JUNEAU, Alaska The new paddle wheeler Empress of the North drew
curious spectators as it traveled the Inside Passage recently on
its maiden voyage. In each port, locals and big-ship passengers
alike snapped photos of the vessel, the second ship of the
Seattle-based American West Steamboat Co.
Obviously, the Empress of the North is not your typical cruise
ship. It’s small 360 feet long with room for just 235 passengers
and it looks like the riverboats that ferried passengers throughout
Alaska in the 19th century.
Plus, the big red paddle wheel which pushes the vessel to 10
knots while auxiliary propellers increase the speed to 14 knots is
a marvelous sight to see, rotating and splashing in the water.
“We give clients an experience they won’t get on a big ship,”
said Joel Perry, American West’s vice president of marketing.
That includes slowing down just outside Glacier Bay and turning
the ship so everyone on board can get an eyeful of a playful pod of
humpback whales as they spout and leap or watching a sea lion with
a fat salmon in his mouth as he swims alongside your balcony in
The Empress, just finishing its first season, will operate
eight- and 11-night cruises here next summer, using Sitka as a
homeport. During the rest of the year, the Empress will join sister
ship Queen of the West in Portland, Ore., operating on the
Columbia, Snake and Willamette rivers.
Rates Include Tours
Brochure rates for 2004 start at $4,859 per person, double
occupancy, for the 11-night cruises. That includes many excursions,
such as a daylong Glacier Bay boat tour, a ride on the scenic White
Pass & Yukon Route train in Skagway, a bus tour of Sitka and
its Raptor Center, and a Mendenhall Glacier tour and salmon bake in
Optional excursions are offered as well, including sea kayaking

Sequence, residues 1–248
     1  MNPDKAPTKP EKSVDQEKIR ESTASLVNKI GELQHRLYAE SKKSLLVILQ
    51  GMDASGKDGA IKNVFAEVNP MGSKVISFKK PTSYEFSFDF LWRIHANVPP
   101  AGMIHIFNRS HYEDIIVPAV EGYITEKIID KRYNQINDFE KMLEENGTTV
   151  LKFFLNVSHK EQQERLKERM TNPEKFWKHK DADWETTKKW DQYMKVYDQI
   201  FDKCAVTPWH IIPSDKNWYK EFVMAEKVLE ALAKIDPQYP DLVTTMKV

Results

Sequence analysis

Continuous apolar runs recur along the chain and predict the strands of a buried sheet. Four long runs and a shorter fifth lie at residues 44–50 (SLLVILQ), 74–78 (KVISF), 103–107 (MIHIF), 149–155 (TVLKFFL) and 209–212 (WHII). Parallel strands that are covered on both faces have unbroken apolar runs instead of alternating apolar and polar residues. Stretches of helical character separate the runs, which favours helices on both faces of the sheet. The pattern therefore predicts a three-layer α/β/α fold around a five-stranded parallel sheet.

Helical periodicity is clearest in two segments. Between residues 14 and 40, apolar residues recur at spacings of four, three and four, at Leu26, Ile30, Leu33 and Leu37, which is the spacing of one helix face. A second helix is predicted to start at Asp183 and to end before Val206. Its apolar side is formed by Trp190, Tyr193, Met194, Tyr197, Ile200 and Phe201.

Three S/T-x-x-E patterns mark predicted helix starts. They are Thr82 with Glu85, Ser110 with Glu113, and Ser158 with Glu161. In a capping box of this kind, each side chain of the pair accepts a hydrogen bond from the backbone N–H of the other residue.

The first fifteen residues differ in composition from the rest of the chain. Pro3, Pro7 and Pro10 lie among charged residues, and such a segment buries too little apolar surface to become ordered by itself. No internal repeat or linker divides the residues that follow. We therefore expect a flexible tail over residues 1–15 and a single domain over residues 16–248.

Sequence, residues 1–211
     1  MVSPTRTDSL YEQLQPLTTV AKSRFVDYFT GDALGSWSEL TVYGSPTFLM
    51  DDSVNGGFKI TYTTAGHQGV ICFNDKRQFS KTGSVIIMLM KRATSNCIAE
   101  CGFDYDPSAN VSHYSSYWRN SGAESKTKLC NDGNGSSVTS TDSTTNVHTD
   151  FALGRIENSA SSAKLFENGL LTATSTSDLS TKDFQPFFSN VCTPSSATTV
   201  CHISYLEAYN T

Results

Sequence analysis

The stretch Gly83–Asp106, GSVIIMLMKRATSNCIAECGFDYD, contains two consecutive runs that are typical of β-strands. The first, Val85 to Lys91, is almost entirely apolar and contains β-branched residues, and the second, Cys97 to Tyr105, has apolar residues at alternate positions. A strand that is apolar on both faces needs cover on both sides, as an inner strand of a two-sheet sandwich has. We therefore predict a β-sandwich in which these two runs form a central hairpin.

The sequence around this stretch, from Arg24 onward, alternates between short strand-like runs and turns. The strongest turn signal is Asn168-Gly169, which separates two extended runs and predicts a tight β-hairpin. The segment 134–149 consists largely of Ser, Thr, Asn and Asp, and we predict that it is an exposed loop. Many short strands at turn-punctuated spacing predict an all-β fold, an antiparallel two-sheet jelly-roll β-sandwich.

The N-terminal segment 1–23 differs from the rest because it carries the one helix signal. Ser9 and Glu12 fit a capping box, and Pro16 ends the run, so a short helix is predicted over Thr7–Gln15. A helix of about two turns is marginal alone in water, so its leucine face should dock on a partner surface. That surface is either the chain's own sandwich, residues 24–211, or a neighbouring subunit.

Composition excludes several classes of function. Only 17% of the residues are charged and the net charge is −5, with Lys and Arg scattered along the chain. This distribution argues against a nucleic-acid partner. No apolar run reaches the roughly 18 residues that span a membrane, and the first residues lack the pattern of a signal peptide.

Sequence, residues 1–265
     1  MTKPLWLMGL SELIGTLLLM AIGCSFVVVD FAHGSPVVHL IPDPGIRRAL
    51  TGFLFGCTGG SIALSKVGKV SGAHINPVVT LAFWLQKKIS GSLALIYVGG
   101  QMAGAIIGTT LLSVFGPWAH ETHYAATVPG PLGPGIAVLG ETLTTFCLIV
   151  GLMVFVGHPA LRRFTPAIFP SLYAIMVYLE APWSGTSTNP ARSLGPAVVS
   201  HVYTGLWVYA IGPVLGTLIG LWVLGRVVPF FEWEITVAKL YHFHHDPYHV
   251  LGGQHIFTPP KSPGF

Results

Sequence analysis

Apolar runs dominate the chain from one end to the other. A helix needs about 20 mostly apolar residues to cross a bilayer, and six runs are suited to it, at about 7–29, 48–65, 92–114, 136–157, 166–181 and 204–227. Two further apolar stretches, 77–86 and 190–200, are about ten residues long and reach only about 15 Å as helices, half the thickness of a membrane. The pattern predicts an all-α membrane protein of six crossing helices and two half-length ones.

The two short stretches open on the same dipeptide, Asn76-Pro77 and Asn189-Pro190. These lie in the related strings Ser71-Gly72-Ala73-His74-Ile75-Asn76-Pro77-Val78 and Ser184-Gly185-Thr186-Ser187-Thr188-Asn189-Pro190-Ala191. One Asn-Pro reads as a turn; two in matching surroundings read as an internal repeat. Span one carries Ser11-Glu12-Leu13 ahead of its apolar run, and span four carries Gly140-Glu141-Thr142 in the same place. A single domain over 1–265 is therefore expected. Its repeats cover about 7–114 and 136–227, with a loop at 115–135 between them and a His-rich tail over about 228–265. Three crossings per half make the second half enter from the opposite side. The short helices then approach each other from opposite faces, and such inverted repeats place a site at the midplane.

in Ketchikan ($75), sportfishing in Sitka ($179) and helicopter
sightseeing and dog-sledding from Skagway and Juneau ($389).
The add-ons are commissionable when pre-booked, Perry said.
Assistance for Agents
More than 90 percent of American West’s cruises are booked by
travel agents, he said, so the line likes to assist agents with fam
trips, seminars and direct marketing that steers potential clients
to an agency.
Last spring, the line hired seven multiline reps to market
American West cruises to agencies around the country. Three
full-time sales people are based in the company’s Seattle
headquarters and another full-timer is based in Northern
The on-board experience is more regimented than on a typical big
ship, with set meal schedules and light alternate menus available
only until 4 p.m. There is no room service, but the cappuccino
machine and soda dispensers are always on.
After dinner, entertainment is provided at 9 p.m. it could be a
magician, a jazz singer or a storyteller with tales of the gold
There are few other on-board activities; on various cruising
days bingo or a trivia game might be held. All meals and activities
are announced on board; the intercom can be turned off in
Television reception was spotty on my cruise, so the
well-stocked DVD library came in handy for those who wanted
something to watch in their staterooms.
There is no Internet access on board.
American West’s cruises are designed for seniors, who seem to
appreciate the meal schedule and included excursions. Perry said
the typical client is 62, has accumulated wealth, a paid-for house
and car, and investments, a pension or Social Security for
About 90 percent have cruised before, Perry said, although there
were a few first-timers on the inaugural voyage who said they had
worried about seasickness but didn’t feel a thing on the
Theresa Norton Masek, TravelAge West’s cruise editor, was the
only journalist on the Empress’ maiden trip Aug. 10.